"The gospel view of salvation doesn't just humble you before people who don't believe what you believe....but the gospel version of salvation says serve them...make this a great place for all the people of the city to live. Because that's what God is seeking to do - to bring a new heavens and a new earth." - Tim Keller
It's all about the Kingdom. And I'm not just talking about a Kingdom we'll eventually get to that appears far off and distanced. It's about the Kingdom of God that's right now - at this moment - existing. I know I have trouble completely understanding that. What does it mean when we say the Kingdom is now?? I think some of that is cleared up by a definition of what the Kingdom actually is.
Jesus uses many parables to describe what the Kingdom of God is, or is like. He compared it to a man searching for fine pears and, upon finding the finest pearl, he sold all the possessed to obtain that pearl (Mt. 13:45-46). He compared it to a king who wanted to settle accounts with some of his subjects and one appealed to him asking for time to repay his debts. The king then forgave him the entire debt and let him go. But this forgiven man turned around and called in debts that people owed him and showed no compassion. Jesus then said of this, "My heavenly Father will also do the same to you, if each of you does not forgive his brother from your heart." (Mt. 18:23-35). Jesus also compared the Kingdom of heaven to a man who sowed good seed in his field. Some of the soil accepted it, some appeared to accept it but the shoots were choked out by weeds, and some flat out rejected the good seed and died on the rocky soil (Mt. 13:24-30). He also compared the Kingdom to leaven (like yeast). He said that it was like leaven a woman placed in flour and set aside until all of the flour was leavened (Mt. 13:33). .
That's a lot of weird descriptions for a place, huh? Well, it would be strange for a place but I like to think of the Kingdom of heaven as more of an all-encompassing idea. In these instances, and many, many more that Christ gave of the Kingdom, it represents an acceptance of what it means to be a child of God. As Keller hinted at in the quote above, living out our faith in Christ requires that we live focused on the Kingdom of God which, in turn, compels us to serve others. We're not just living for ourselves and what we can (or think we should) get, were living together in order to give an example of what Christ's Kingdom looks like, albeit an imperfect one.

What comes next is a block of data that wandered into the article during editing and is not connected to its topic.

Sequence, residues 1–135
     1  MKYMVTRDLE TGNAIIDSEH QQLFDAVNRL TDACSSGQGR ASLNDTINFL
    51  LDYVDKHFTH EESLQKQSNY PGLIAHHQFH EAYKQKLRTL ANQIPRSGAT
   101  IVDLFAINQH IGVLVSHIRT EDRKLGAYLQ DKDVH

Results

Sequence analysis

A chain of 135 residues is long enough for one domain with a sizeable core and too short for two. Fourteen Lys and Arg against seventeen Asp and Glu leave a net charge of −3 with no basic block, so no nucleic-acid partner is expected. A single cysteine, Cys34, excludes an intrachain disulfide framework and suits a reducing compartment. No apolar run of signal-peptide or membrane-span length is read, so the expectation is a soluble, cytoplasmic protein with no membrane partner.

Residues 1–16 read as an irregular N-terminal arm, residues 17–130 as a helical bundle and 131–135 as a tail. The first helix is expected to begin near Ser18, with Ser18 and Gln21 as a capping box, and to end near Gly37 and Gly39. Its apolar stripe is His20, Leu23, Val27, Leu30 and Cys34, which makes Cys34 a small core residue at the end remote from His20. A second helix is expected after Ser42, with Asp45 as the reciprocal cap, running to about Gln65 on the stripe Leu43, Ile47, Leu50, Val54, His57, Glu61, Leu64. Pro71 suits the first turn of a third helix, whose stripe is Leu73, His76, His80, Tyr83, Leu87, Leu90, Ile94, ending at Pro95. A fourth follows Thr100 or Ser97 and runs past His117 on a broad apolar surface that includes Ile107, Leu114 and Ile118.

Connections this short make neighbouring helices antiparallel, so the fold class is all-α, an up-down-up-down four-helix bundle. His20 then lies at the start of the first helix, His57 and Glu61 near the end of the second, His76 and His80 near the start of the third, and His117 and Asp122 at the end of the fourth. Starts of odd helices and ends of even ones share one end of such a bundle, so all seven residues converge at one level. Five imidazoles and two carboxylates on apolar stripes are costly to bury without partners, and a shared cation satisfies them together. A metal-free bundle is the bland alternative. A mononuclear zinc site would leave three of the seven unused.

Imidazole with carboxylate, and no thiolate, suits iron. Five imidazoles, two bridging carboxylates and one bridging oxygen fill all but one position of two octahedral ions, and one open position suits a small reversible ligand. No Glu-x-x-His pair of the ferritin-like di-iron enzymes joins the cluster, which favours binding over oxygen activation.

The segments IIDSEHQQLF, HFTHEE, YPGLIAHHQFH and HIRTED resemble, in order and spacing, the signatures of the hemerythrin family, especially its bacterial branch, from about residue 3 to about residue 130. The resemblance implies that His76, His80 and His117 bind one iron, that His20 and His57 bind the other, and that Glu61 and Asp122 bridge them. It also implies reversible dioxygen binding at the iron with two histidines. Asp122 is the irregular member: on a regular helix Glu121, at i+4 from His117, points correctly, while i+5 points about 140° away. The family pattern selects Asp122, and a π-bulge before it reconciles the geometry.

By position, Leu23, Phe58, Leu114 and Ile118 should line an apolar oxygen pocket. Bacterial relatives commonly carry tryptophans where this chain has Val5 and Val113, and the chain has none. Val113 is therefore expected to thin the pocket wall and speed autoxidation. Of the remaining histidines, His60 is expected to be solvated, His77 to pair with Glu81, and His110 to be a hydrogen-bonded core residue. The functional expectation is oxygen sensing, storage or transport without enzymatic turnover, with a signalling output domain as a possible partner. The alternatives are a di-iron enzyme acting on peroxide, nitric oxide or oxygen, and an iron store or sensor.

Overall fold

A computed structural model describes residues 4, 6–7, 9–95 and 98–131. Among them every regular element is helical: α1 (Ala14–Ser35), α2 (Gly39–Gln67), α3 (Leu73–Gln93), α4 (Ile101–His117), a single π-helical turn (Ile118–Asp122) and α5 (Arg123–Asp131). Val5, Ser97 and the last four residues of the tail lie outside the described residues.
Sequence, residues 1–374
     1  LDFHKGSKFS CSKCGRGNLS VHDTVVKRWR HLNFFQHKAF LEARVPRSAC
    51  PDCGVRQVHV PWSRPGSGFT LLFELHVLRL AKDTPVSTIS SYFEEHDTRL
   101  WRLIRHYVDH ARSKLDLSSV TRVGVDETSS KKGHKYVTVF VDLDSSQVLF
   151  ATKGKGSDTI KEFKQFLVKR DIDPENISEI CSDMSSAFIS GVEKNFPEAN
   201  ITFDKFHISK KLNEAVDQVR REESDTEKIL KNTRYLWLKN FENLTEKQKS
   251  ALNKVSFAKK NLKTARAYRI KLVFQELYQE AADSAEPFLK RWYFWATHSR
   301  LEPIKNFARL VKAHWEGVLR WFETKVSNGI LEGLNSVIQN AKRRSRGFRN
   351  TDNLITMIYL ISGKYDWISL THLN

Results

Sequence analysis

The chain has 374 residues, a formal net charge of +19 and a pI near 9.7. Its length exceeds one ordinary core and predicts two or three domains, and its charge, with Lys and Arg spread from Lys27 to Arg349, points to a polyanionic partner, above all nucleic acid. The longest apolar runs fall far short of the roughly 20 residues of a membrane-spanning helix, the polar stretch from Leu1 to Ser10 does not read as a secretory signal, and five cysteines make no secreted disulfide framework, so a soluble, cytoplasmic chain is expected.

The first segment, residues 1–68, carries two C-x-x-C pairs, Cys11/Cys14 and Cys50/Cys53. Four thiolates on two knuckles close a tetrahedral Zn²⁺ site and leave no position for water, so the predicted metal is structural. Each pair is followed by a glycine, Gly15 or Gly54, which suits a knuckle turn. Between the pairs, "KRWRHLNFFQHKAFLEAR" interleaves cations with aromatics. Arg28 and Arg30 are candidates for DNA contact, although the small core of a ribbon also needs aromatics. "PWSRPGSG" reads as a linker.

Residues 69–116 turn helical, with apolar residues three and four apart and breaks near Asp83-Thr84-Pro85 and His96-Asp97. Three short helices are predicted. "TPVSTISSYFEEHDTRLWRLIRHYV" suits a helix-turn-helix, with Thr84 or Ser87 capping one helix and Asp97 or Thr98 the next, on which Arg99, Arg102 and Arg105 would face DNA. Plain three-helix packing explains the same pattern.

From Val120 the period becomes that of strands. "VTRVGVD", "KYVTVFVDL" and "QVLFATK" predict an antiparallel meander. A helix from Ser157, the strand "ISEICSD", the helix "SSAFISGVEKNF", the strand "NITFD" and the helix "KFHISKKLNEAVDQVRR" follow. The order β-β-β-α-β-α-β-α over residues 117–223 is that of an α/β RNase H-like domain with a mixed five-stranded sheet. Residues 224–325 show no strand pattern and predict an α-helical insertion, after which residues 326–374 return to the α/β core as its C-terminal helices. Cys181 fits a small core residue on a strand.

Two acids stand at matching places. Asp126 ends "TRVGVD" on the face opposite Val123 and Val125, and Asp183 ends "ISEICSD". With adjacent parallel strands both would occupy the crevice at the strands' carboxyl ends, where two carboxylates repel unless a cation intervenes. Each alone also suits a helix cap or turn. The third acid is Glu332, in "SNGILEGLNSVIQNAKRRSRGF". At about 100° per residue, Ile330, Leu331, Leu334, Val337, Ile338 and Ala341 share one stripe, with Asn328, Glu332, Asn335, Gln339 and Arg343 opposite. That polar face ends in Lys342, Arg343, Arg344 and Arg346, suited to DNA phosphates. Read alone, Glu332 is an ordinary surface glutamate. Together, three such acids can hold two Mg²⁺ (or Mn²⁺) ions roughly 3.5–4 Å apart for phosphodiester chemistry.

With that in mind, it's refreshing to realize that we should not be alone in attempting to live out this vision. In fact, we can't live it out alone! We must be like the man who sold everything he had in order to purchase the pearl of great price but, instead of getting a pearl, we are giving up our idea of what life should be and receiving eternal life in its place. Eternal life that, in essence, starts right here on earth. Our hope would be to affect others like the leaven affected the flour. Just a little bit was introduced but soon all of the flour was leavened!
At my church we focus on living in community with one another. That could be a strange thought or phrasing to some, but basically it just means living life with one another. We are trying to live out the Kingdom here on the earth within our small communities spread throughout the valley we live in. It doesn't mean we seclude ourselves from everyone, but quite the opposite! We try and live together in such a way as to show our freedom in Christ, our salvation in Him, our hope that is in Him, and our commitment to Him. It's living purposefully. It's making the effort to invite neighbors and coworkers over so they can gain an inside view into what the Kingdom of God actually looks like here on earth. I even know people in our church that have discussed the idea of purchasing homes close to each other just to further their involvement within a community!
Have you ever thought about your finances that way? Living for the Kingdom means that we live like the church in Acts where it says they were, "Continually devoting themselves to the apostles' teaching and fellowship, to the breaking of bread and prayer...And all those who had believed were together and had all things in common; and they began selling their property and possessions and were sharing them with all, as anyone might have need" [Acts 2:42, 44-45]. I see that as a radical way to live for the Kingdom. Seeing all that we have (not just 10%) as the Lord's. Making decisions based on what He is instructing us to do, not based on what we think will be the best career move for us.
A questions I would leave you with (and that I'm asking myself too) is this: Is your life focused around living for the Kingdom or living for yourself?